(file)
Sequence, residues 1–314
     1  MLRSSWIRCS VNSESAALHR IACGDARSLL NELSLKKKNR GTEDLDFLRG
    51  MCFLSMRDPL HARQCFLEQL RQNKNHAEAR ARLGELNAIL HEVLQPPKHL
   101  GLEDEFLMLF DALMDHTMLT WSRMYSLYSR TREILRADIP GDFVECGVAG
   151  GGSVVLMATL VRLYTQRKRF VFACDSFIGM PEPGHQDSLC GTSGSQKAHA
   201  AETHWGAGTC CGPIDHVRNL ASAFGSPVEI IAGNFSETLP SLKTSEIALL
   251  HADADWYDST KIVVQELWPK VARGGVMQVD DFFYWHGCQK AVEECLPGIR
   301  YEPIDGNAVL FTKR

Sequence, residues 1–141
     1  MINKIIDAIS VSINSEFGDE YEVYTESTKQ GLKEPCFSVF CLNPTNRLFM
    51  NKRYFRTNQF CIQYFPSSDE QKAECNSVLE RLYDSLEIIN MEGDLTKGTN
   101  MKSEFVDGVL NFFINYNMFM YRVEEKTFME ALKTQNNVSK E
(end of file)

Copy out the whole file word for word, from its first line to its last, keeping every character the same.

Sequence, residues 1–314
     1  MLRSSWIRCS VNSESAALHR IACGDARSLL NELSLKKKNR GTEDLDFLRG
    51  MCFLSMRDPL HARQCFLEQL RQNKNHAEAR ARLGELNAIL HEVLQPPKHL
   101  GLEDEFLMLF DALMDHTMLT WSRMYSLYSR TREILRADIP GDFVECGVAG
   151  GGSVVLMATL VRLYTQRKRF VFACDSFIGM PEPGHQDSLC GTSGSQKAHA
   201  AETHWGAGTC CGPIDHVRNL ASAFGSPVEI IAGNFSETLP SLKTSEIALL
   251  HADADWYDST KIVVQELWPK VARGGVMQVD DFFYWHGCQK AVEECLPGIR
   301  YEPIDGNAVL FTKR

Sequence, residues 1–141
     1  MINKIIDAIS VSINSEFGDE YEVYTESTKQ GLKEPCFSVF CLNPTNRLFM
    51  NKRYFRTNQF CIQYFPSSDE QKAECNSVLE RLYDSLEIIN MEGDLTKGTN
   101  MKSEFVDGVL NFFINYNMFM YRVEEKTFME ALKTQNNVSK E